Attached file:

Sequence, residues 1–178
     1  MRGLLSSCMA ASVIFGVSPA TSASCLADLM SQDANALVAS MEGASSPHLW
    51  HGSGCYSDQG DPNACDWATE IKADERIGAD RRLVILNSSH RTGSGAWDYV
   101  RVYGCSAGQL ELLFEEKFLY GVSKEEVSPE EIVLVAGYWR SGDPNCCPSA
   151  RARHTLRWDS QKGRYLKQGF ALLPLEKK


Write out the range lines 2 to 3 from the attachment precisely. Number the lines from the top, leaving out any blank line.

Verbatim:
     1  MRGLLSSCMA ASVIFGVSPA TSASCLADLM SQDANALVAS MEGASSPHLW
    51  HGSGCYSDQG DPNACDWATE IKADERIGAD RRLVILNSSH RTGSGAWDYV